An amendment to article 12H, which deals with the publication of judgments and decrees, is also being suggested. In deciding to publish judgments and decrees, the Civil Court must take into account any business secrets and confidential information, and may give the trader concerned the opportunity to specify the confidential parts of the judgment or decree to be excluded from publication. This notwithstanding, it is up to the Civil Court to decide which version of the judgment or decree will be published.

  • iv. Jurisdiction of the Consumer Claims Tribunal

The jurisdiction of the Consumer Claims Tribunal will be increased to hearing and determining consumer claims where the value of such claims does not exceed €5,000. Currently, the Consumer Claims Tribunal can hear and determine claims of up to €3,500. This change is proposed to article 20 of the Act and would be reflected in the Consumer Claims Tribunal Rules (Legal Notice 8 of 1996 and as subsequently amended).

  • v. Extension of Director General’s powers

The Bill also proposes an amendment to article 103 of the Act concerning the powers of the Director General with regards to inspections during investigations. The amendment aims to both extend and clarify the existing powers of the Director General in that the latter will be given the power to:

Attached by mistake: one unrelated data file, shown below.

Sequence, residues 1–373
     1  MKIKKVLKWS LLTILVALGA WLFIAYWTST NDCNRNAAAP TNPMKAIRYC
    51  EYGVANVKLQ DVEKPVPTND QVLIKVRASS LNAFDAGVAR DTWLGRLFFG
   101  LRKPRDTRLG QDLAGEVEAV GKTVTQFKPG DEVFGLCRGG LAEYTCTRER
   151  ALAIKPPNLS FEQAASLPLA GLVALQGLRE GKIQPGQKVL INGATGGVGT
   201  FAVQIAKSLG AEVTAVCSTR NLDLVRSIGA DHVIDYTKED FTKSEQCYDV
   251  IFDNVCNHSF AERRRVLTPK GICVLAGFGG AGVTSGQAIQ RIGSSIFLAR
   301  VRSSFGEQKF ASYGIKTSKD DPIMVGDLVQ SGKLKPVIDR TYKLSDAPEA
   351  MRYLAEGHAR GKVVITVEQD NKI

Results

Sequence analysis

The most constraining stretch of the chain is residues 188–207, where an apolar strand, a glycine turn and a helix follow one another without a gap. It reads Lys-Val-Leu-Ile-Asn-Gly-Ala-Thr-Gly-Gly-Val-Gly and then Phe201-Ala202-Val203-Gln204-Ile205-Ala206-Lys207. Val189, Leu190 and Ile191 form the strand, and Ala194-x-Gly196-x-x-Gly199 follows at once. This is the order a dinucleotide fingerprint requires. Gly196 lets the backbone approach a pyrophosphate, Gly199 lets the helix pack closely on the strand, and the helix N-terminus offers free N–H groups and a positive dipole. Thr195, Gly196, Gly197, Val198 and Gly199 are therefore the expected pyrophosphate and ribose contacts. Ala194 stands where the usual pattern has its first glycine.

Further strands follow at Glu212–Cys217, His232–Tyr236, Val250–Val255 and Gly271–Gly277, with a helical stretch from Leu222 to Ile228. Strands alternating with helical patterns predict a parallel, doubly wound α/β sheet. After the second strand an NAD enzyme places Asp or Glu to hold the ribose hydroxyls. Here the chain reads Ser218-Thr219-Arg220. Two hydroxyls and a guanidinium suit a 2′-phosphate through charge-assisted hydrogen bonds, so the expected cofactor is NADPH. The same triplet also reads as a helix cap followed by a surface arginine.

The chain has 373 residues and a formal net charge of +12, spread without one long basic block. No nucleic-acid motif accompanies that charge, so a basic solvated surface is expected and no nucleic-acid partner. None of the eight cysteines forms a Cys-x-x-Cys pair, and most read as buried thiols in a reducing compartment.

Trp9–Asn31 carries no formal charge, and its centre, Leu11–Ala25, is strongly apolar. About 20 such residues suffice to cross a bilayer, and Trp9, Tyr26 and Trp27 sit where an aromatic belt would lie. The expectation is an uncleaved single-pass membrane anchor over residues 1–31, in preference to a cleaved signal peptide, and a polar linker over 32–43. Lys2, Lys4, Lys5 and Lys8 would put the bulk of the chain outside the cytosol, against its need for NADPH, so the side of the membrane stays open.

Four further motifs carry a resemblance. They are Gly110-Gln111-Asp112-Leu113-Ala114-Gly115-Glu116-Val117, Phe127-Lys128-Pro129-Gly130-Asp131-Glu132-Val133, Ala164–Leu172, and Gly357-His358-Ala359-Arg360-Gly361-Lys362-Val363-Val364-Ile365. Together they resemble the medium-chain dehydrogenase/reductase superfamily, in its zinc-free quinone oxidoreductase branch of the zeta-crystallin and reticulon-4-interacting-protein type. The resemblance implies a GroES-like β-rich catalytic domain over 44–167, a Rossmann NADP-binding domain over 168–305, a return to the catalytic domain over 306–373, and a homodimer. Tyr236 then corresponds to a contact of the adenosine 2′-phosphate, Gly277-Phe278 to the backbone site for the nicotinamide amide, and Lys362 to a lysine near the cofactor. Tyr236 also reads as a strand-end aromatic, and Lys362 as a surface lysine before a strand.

• i. enter and search any premises, land, or means of transport that the trader concerned uses for purposes related to his trade, in order to examine, seize, take, or obtain copies of information, data or documents, irrespective of their storage medium. This power may only be exercised when duly authorised by a warrant issued by a Magistrate and no entry and search may be effected between 7pm and 7am unless the Director General has reason to believe that a delay could cause the loss of necessary information;
  • ii. make any inspection, conduct any test, or take any goods (on paying or making tender thereof);
  • iii. seize any books, records, information, data, or documents for as long as, and to the extent, necessary for the inspection;
  • iv. request any representative or member of staff of the trader to give explanations of books, records, information, data, or documents relating to subject matter of inspection;
  • v. purchase goods or services as test purchases under cover of identity in order to detect infringements and to obtain evidence.

The consultation is open for feedback until 12 May 2020, and anyone who wishes to submit their contributions on the proposed Bill may do so by following this link


This document does not purport to give legal, financial or tax advice. Should you require further information or legal assistance, please do not hesitate to contact Dr Annalies Muscat and Dr Laura Spiteri